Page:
Definition: Boost Converters sometimes, also known as step-up choppers are the type of chopper circuits that provides such an output voltage that is more than the supplied input voltage. In the case of boost converters, the dc to dc conversion takes place in a way that the circuit provides a high magnitude of output voltage than the magnitude of the supply input.
It is given the name ‘boost’ because the obtained output voltage is higher than the input voltage.
We have already mentioned in the beginning that boost converters are types of chopper circuits. In chopper circuits, we have discussed that it performs dc to dc conversion, i.e., a fixed dc voltage is changed into an adjustable dc voltage.
Previously, we have seen another type of chopper circuit i.e., buck converter. Buck converters generate an output voltage that is lower than the supplied input. So, we can say, boost converters are the ones that perform a reverse operation of the buck converter. Due to the type of operation performed by boost converters, these are referred to as step-up choppers.
It is to be noted here that since the product of voltage and current results in power then with the increase in the output voltage, the output current through the circuit will automatically decrease.
In chopper circuits, power MOSET, BJT, IGBT, etc. are used as switches while the thyristors are not used for such purposes and the reason for the same is that an external commutation circuit is needed in order to commutate the device.
Operating Principle of Boost Converter
The figure given below is the circuit representation of the boost converter:
The circuit here is an elementary form of step-up chopper which necessarily requires a large inductor L in series connection with the voltage source. The whole circuit arrangement operates in a way that it helps in maintaining a regulated dc signal at the output.
Let us understand how the given circuit operates in order to provide an increased dc signal at the load.
Initially, when the chopper CH is in on state, then in the presence of supply dc input current begins to flow through the closed path of the circuit i.e., passing through the inductor as shown in the figure below.
Here, the polarity of the inductor will be according to the direction of the flow of current. In this particular case, the diode in the configuration is in reverse biased condition and so current will not be allowed to flow through that particular part of the circuit during on state of the chopper. Resultantly, the voltage across the chopper will appear across the load.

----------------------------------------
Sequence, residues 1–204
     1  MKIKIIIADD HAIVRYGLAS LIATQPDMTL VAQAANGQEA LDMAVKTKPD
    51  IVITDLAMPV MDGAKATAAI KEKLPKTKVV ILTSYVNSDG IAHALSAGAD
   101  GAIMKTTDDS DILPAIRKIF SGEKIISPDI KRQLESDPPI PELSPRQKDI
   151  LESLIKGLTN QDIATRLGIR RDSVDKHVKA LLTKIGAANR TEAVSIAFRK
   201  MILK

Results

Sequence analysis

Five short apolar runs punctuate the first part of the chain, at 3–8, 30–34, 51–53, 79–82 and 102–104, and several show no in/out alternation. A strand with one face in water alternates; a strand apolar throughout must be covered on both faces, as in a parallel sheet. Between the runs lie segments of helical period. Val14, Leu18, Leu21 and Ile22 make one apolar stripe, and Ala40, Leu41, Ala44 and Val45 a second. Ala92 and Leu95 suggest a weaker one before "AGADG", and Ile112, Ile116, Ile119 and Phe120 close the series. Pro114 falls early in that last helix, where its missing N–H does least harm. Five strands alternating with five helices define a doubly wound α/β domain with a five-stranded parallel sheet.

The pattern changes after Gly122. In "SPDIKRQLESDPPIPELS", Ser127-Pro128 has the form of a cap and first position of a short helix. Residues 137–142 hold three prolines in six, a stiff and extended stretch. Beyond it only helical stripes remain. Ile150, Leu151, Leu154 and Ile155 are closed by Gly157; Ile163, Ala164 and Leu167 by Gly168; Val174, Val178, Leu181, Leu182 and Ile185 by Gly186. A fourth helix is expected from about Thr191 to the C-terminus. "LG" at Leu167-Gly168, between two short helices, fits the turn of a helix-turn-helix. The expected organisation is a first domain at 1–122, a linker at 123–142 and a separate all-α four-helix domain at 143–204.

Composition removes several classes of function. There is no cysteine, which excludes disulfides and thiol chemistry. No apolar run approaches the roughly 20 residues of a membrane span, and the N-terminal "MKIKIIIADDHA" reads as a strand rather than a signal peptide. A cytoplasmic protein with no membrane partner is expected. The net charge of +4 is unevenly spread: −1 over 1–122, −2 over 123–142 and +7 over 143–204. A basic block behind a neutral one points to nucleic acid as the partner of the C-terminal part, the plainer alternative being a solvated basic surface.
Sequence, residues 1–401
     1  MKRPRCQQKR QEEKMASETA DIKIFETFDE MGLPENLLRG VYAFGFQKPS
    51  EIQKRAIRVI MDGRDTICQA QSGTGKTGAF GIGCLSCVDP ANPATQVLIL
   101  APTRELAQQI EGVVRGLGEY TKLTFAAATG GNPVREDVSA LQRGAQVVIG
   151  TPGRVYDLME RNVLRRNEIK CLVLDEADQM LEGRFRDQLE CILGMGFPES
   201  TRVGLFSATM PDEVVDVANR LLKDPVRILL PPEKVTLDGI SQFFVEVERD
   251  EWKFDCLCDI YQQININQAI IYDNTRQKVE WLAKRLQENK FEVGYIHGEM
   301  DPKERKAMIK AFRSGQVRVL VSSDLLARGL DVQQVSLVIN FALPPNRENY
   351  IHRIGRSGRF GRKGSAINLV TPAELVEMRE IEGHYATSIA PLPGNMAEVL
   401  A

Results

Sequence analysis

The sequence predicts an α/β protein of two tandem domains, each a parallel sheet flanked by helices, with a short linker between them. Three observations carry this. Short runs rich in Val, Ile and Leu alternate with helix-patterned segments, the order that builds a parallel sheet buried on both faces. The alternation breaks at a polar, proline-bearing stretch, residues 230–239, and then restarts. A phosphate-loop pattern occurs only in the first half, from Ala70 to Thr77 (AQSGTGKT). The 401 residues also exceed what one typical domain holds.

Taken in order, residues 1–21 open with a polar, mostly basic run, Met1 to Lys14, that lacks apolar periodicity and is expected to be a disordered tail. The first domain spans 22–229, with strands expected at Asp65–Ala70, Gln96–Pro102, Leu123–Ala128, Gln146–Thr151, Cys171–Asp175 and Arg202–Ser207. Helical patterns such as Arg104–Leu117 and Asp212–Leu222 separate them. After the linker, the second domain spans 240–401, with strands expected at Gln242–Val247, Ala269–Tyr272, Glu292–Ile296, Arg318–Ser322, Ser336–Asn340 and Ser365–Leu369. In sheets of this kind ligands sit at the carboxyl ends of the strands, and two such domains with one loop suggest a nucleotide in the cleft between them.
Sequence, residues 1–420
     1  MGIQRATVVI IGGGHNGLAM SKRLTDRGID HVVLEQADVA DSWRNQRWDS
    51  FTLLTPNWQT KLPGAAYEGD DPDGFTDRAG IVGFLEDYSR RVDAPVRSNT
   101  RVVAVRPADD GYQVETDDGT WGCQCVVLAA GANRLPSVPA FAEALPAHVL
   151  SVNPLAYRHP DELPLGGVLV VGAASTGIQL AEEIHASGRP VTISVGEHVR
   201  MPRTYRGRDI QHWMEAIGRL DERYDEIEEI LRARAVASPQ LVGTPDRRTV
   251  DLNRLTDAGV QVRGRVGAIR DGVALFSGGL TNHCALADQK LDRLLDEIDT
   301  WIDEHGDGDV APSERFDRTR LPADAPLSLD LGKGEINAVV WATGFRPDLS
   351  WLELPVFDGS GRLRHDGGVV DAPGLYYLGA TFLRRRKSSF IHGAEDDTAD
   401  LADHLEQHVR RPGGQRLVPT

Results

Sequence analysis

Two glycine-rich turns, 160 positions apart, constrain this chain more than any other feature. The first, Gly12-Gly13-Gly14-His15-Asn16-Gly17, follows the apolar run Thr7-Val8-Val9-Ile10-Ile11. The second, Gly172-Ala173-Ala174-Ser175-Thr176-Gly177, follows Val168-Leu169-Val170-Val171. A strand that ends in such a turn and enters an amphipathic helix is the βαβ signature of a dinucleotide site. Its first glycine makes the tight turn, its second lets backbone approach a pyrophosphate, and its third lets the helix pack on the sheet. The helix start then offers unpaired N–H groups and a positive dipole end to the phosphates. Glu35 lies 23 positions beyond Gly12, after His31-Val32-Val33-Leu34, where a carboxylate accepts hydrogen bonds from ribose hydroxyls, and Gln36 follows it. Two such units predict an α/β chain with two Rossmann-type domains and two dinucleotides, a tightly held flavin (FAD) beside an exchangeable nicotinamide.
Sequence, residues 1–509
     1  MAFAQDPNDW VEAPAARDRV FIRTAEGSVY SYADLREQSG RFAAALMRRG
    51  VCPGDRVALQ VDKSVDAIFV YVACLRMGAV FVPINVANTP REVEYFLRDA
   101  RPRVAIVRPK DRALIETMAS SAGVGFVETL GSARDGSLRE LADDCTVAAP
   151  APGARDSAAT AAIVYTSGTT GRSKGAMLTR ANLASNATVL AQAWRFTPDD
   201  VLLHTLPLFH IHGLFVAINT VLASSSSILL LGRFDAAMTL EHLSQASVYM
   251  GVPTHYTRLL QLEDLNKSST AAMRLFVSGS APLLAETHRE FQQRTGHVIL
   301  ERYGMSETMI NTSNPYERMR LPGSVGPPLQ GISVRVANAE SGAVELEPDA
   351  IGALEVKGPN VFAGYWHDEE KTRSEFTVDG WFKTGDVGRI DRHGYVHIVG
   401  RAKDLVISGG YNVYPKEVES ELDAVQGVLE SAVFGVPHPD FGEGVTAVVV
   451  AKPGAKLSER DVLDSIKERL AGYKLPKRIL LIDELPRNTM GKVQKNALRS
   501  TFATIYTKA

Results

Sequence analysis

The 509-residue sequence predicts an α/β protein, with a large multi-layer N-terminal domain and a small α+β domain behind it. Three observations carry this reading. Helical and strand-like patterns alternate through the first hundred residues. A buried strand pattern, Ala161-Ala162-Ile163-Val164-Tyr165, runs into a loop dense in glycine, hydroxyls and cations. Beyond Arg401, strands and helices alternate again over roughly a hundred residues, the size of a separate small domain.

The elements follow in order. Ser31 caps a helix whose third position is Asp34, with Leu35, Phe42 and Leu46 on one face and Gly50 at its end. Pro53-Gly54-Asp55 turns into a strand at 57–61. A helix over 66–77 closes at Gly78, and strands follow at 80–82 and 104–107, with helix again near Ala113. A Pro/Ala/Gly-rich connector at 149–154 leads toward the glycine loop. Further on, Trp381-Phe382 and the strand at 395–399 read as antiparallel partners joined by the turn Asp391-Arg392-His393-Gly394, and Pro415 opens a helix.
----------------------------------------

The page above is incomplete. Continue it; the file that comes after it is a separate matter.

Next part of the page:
Furthermore, at the instant when CH is in the off state, then the part of the circuit through which the current was flowing earlier will not be active in this case. However, as the inductor stores, the energy in the form of a magnetic field and so the current through it will not die out instantly.
Also, we know according to Lenz’s law a reverse current will be induced that will oppose the cause which has produced it. And so, due to the induced current, the polarity of the inductor will get reversed. This reverse polarity of the inductor forward biases the diode present in the circuit. This provides the path for the current through the diode that flows through the load during the off state of the chopper i.e., Toff. However, we must note here that the current through the inductor is of decreasing nature and will die out after a point in time.
Thus, the total voltage across the load will be given as:
This means that the output voltage exceeds the applied input voltage. Thus, performs step-up conversion as the energy stored within the inductor during the Ton period is released during the Toff period.
During the Ton period, the voltage across the inductor will be given as:
Let us have a look at the waveform representation of the step-up chopper shown below:
During the Ton period, the current through the inductor will change from i1 to i2 this is clearly shown above. While during the Toff period, the inductor current will change from i2 to i1. Now, talking about voltage, so during the turn-on period, the voltage across the inductor will be equal to the supply input voltage. But when CH gets off then on applying KVL in the figure shown above, we will get,
Considering that output current is varying linearly, the energy input provided by the source to the inductor, when CH is on, is given as:
Further, the energy that the inductor releases to the load when CH is off is given as:
For a lossless system, comparing the two energies, we will have,
Since we know, T = Ton + Toff, therefore,
Since, we know, duty cycle i.e., α = Ton/ T
Thus, we can conclude here that the average load voltage can be stepped up with the change in the duty cycle.
Due to the operating principle of step-up choppers, these find applications in the regenerative braking of dc motors. Along with this, these are used in various consumer electronics, battery power systems, power amplifier circuits, power factor correction circuits, automotive equipment, etc.